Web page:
This article is going to show you how to stay a prisoner of your negative emotions by NOT forgiving your spouse of adultery and getting remarried. I've personally met some very bitter people who have remarried. On the outside they seem to have it all, another spouse who seems to love them, beautiful kids, a nice home, and a good paying job, but on the inside they are holding in unforgiveness and vengeful feelings towards the spouse who committed adultery. Looks and appearances can be deceiving.
The most efficient way to remain bitter and not forgive your spouse is to keep going to church and keep being misinformed. I have never yet met one person who goes to church who is not confused about the "exception clause" scripture. Unfortunately this mass confusion keeps everyone in the dark. Married people are being deceived about the "exception clause"! When married people divorce their spouse because of adultery it means they have not forgiven.
Jesus is NOT saying it was OK for "one flesh marriages" to get a divorce when one spouse commits adultery. We have to put the scripture into proper perspective. Biblical study involves many questions, such as, 'who was it that Jesus was talking to', 'why was He saying it', and 'what were the circumstances', and so on and so on?
Regarding the exception clause in Matthew, Jesus was talking to the Jewish community about betrothed couples who had not yet consummated the marriage into the "one flesh" of marriage. If you are not reading the King's James Version of the bible you will be totally mislead about this scripture, as well as many others.
He saith unto them, "Moses because of the hardness of your hearts suffered you to put away your wives, but from the beginning it was not so. And I say unto you, whosoever shall put away his wife, except it be for fornication , and shall marry another, committeth adultery, and whoso marrieth her, which is put away doth commit adultery. (KJV Matthew 19: 8-9)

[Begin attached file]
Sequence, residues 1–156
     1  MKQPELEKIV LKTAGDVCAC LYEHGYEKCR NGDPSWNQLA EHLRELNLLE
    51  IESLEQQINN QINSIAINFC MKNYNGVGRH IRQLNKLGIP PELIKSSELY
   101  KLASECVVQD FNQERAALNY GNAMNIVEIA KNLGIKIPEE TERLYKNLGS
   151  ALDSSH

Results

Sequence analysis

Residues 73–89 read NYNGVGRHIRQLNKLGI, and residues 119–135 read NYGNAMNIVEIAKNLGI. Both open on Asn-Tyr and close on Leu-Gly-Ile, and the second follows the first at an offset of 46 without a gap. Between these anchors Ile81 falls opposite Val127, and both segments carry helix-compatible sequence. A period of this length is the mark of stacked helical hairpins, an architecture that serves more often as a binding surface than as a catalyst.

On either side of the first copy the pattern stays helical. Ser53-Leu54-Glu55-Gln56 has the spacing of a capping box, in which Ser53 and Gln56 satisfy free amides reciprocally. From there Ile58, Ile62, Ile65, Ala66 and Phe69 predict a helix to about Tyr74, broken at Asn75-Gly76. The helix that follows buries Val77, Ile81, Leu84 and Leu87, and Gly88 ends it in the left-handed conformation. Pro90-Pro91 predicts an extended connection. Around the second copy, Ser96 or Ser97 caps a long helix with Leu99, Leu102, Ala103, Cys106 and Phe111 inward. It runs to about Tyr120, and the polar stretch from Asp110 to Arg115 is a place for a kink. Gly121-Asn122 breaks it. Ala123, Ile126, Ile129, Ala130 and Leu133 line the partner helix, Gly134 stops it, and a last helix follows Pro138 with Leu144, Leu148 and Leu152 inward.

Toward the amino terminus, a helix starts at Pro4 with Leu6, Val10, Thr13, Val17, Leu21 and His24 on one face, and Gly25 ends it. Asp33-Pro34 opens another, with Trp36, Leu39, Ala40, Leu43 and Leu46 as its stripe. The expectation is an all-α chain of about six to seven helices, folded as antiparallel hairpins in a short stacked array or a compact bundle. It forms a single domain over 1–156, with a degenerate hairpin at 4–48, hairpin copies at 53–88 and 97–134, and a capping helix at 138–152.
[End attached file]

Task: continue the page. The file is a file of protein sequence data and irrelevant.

The exception clause is not talking about two married people but two betrothed people. Betrothal was VERY important to the Jewish community during these times, and for some it still is. Betrothal is somewhat like engagement of marriage, but with much more moral observance at its core, which is why; when a betrothed person committed the sexual sin of "fornication" it was an exception for the other one to get out of the betrothal.
There are two areas that we must take into consideration when translating the exception clause. The first is that fornication "is having sex between two unmarried people. Had they actually been married, Jesus would have used the term" adultery ". If they were really married rather than betrothed, it would have read, " except it be for adultery ". And the second is betrothed couples were called husband and wife, even Mary and Joseph, being betrothed were called husband and wife and they had not yet consummated the marriage.
So when we take both of these areas into account it helps us to understand this scripture in its true context. Now you will not have to be deceived any longer. To sum it up Matthew 19: 8-9 is not speaking about "one flesh marriages" but speaking about Jewish betrothed couples, who had not yet consummated their relationship into the "one flesh" of marriage.